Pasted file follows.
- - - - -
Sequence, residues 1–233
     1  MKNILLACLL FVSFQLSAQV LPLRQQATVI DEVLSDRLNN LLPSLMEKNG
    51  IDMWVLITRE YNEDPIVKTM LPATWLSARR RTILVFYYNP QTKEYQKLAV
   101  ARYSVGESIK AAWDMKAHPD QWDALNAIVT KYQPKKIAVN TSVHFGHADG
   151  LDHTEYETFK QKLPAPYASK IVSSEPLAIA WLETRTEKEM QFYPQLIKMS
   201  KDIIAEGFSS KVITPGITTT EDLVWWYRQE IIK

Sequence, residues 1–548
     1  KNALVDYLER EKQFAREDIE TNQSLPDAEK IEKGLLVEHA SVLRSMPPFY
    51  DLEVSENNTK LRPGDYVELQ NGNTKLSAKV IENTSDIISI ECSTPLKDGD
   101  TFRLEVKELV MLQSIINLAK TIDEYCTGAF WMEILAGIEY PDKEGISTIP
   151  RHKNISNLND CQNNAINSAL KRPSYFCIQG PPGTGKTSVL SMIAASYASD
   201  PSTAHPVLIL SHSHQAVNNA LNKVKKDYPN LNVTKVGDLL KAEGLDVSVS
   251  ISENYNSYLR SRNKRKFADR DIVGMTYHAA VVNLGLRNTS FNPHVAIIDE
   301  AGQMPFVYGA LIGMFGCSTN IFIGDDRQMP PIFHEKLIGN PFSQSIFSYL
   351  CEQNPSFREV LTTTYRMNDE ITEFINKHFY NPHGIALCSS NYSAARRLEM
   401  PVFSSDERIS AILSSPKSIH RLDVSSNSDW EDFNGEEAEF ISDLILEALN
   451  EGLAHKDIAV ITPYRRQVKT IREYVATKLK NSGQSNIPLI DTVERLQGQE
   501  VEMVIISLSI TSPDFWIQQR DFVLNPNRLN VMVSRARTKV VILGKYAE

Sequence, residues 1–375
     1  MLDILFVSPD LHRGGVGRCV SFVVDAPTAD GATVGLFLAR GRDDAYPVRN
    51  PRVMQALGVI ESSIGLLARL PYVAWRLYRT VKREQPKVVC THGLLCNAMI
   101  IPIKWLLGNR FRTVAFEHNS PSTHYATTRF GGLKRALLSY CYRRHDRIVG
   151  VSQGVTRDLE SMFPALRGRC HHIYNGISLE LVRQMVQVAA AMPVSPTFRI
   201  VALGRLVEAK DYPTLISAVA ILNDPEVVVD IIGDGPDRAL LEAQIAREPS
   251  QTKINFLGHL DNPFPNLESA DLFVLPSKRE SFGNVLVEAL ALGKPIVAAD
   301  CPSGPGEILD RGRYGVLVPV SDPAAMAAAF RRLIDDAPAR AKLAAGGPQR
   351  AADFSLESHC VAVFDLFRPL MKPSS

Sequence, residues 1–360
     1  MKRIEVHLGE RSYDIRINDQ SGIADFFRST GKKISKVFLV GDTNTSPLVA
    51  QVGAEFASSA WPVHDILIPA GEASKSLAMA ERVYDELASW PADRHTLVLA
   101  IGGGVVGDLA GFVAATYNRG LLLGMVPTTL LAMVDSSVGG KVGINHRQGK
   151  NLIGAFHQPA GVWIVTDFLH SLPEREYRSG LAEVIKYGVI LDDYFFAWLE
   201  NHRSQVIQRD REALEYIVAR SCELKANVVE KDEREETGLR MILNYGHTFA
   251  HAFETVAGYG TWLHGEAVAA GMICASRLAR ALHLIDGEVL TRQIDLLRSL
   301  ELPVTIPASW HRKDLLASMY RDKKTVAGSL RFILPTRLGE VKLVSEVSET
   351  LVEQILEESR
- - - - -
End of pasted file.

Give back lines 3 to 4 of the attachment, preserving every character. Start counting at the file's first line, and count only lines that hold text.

    51  IDMWVLITRE YNEDPIVKTM LPATWLSARR RTILVFYYNP QTKEYQKLAV
   101  ARYSVGESIK AAWDMKAHPD QWDALNAIVT KYQPKKIAVN TSVHFGHADG